Most of human civilization began near waters. Food, drink, and eventually escape were at the opposable thumbtips. For novelty music purposes our holiday wetness mainly boards boats. It’s fun, a bit of a getaway. Unless it’s work; then it can kill ya. ‘Salso a grand metaphor. (Heavens ‘I Saw Three Ships (Come Sailing In)‘ is not about watercraft at Bethlehem–which had no seaport! Prolly the ships of the desert–camels–for the Magi.) So, just sit right back and you’ll hear a tale… or an odd song or two.
By inches, now. We begin at the launching point. Punters get a git traditional but with electronic guitars for the prettily paid “Christmas in the Harbour.” This may be home, with no intention of venturing. But it’s Irish.
Donna Lewis’s “Christmas Lights” may refer to harbor lights, or may just reflect on the seasonal ambience. Indie gymnastics.
Billy Roach offers to decorate the pier to get out the message “Come to California Santa.” Back to surf rock by way of electronic organ.
Regrettably, i am partial to a time loop. The same thing sung over and over, mantra-like, induces a transcendental state in me–like waiting for Christmas.
“I Can’t Wait for Christmas” is the entire libretto for this ’90s pop slow-build garage chant o’ happiness. King Everything makes the point stick. I mean, wow.
A bit more Nashville, Cody Trout Band also redelivers “Can’t Wait for Christmas.” Listen carefully, one swinging word gets the switcheroo. Wow, wow, wow.
Expanding on our theme Vince Vance conducts cheerful children in a choir of “Can’t Wait ’till Christmas Day.” There’s a real churchy song in here (amidst all the greediness), but that redundant chorus hammers home the message. Ow.
This is such a sub-niche of micro-genre, let’s wind up with a redundant melody, but REAL SURFER VIBE. Laurie Biagini conquers the big wave (wait?) with “Can’t Wait for Christmas.” Cowa-blitzen!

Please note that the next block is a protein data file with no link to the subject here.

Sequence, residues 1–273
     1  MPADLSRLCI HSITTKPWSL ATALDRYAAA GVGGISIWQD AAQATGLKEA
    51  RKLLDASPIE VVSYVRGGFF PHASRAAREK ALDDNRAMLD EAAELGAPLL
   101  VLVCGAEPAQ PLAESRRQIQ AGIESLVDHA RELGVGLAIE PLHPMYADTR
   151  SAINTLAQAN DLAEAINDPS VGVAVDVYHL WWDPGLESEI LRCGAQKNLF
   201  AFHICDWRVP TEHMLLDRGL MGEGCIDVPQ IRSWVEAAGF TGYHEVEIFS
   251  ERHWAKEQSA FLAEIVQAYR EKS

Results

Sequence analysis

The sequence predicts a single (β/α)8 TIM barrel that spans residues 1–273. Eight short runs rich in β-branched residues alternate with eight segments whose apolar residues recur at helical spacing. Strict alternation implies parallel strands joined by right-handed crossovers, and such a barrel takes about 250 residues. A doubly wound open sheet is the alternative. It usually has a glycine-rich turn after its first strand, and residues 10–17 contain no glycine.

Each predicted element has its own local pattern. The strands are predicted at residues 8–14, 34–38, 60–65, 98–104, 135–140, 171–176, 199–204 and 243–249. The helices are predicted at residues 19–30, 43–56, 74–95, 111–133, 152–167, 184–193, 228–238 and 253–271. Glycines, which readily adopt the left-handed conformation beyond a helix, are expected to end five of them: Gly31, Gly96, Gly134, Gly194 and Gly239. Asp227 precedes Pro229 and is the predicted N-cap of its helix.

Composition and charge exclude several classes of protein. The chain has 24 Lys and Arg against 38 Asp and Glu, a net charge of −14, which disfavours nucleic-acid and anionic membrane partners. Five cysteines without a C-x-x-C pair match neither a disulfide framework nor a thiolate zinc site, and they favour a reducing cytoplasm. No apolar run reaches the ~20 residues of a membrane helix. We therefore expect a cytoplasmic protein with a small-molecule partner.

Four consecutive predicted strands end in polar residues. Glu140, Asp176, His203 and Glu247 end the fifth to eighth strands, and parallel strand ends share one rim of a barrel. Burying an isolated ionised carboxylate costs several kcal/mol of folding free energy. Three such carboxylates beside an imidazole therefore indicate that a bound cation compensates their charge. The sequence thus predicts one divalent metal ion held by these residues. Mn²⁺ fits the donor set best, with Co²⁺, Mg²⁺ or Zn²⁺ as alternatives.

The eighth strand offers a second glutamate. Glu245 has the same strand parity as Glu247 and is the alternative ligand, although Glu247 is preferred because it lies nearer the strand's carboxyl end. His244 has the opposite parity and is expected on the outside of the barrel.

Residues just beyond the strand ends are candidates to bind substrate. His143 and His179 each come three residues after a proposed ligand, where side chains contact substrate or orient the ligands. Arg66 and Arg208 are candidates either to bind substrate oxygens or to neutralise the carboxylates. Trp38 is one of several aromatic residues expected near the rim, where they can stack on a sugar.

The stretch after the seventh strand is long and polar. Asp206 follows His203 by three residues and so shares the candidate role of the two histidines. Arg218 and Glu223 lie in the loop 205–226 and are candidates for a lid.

Throwback Day! As previously hailed, awesome Xmas parody band The ’60s Invasion takes on the Lemon Pipers’ 1967 ‘Green Tambourine’ with their “Green Christmas Tree.” My brand of hilarity with ornaments.
Kenny and Dave as The Carol Kings apply surf music to “Decoratin’ Our Tree.” No wacky wipeout jokes, no crashing wave sounds–just Christmas business. Wild.
Banging garage metal from Nothing to Envy portrays “Yeltsin the Snowman” as a scary monster. Surprized?
Record label Flying Bomb has been an outlet for punk, garage, experimental music since the ’90s. White Stripes got their toehold to success here. Now let’s dip into their phenomenal Xmas compilation from ’02. Happy Supply’s “Young Snowman Got It Bad, ‘Cause He’s So Round” puts the frozen one back on the street, in a cheerful love song.
King Automatic and Rich Deluxe jam some surf guitar into their crooning carol “Stay Drunk at Christmas.” It lends a secret agent vibe to an odd mix of Scary Father Christmas footage among the hard living Gauls and Deutsche in the ’60s. Dipsomania seems the norm, sad to say.
The Refreshments are also unparticular when they claim “I Want a New Baby for Christmas.” Guess as long as it’s not the old baby…. Rollickin’ jerry lee piano, but not exactly rock.
Slightly more picky is Bigg Robb who claims “I Want a Big Woman for Christmas.” This is a bit dull-witted, and largely spoken word (not on my blog)… but Robb tries so hard. I mean, he doesn’t even swear. Ups, my man.
The New Edition is very specific when they chant like ballad-bots “All I Want for Christmas is My Girl.” It’s cult-astir! (I suspect you shouldn’t give her to them, not with that weird theremin electronic bit.) Is “candy girl” code for something really wrong?
The Knickerbockers surf us back to the ’60s with “I Want a Girl for Christmas.” It sounds so harmless with harmony like that. Not like human trafficking at all.
Meshugga Beach Party has also cashed in on the surfer craze in the last ten years. These Bay Area bagels rock instrumentally for the most part. (I like “Go Go Golem” and visualize drag racing through the back ways of Marin County.) But we’re here to race, so please have patience with “Hot Rod Hanukkah,” the titular tune off their 2011 album. It’s slow to start. And to lap. And to finish. It takes eight nights.
Malibooz were 1960s surf rock from the East coast. they only lasted a couple years, but so did surf rock. Despite going separate ways, the boys were drawn together to compose original surfer tunes for movies in the late ’80s and early ’90s. Then surf movies became more of the zeitgeist of the ’00s: Malibooz returned. Good for them. Their Christmas album A Malibu Kind of Christmas from 1992 has unfortunate wipe-outs to the tune of ‘Rudolph’ and ‘Drummer Boy.’ Original jams like upbeat “Santa Man” and downer “Christmastide” serve them much better.
Today we’re concerned with “Santa Drives a Super Stock Dodge.” It comes across as more pretty than roaring Tom Petty, but the young harmony back ups and awkward ad lib shout outs personalize the piece. One of a kind.